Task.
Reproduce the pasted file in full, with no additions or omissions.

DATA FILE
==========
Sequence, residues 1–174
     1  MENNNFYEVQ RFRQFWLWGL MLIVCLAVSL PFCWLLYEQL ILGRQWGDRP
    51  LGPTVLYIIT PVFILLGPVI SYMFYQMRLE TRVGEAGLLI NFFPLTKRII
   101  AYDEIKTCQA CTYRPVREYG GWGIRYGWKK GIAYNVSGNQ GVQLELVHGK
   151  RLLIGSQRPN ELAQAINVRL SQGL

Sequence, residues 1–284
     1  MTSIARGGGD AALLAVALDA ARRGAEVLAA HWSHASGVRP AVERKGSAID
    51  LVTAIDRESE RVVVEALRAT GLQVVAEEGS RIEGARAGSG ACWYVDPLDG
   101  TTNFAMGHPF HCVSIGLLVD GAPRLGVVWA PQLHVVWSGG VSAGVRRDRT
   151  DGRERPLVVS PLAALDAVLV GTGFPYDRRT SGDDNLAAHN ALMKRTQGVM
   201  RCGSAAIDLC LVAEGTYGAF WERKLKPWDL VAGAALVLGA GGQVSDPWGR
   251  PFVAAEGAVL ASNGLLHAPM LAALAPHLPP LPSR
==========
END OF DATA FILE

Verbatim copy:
Sequence, residues 1–174
     1  MENNNFYEVQ RFRQFWLWGL MLIVCLAVSL PFCWLLYEQL ILGRQWGDRP
    51  LGPTVLYIIT PVFILLGPVI SYMFYQMRLE TRVGEAGLLI NFFPLTKRII
   101  AYDEIKTCQA CTYRPVREYG GWGIRYGWKK GIAYNVSGNQ GVQLELVHGK
   151  RLLIGSQRPN ELAQAINVRL SQGL

Sequence, residues 1–284
     1  MTSIARGGGD AALLAVALDA ARRGAEVLAA HWSHASGVRP AVERKGSAID
    51  LVTAIDRESE RVVVEALRAT GLQVVAEEGS RIEGARAGSG ACWYVDPLDG
   101  TTNFAMGHPF HCVSIGLLVD GAPRLGVVWA PQLHVVWSGG VSAGVRRDRT
   151  DGRERPLVVS PLAALDAVLV GTGFPYDRRT SGDDNLAAHN ALMKRTQGVM
   201  RCGSAAIDLC LVAEGTYGAF WERKLKPWDL VAGAALVLGA GGQVSDPWGR
   251  PFVAAEGAVL ASNGLLHAPM LAALAPHLPP LPSR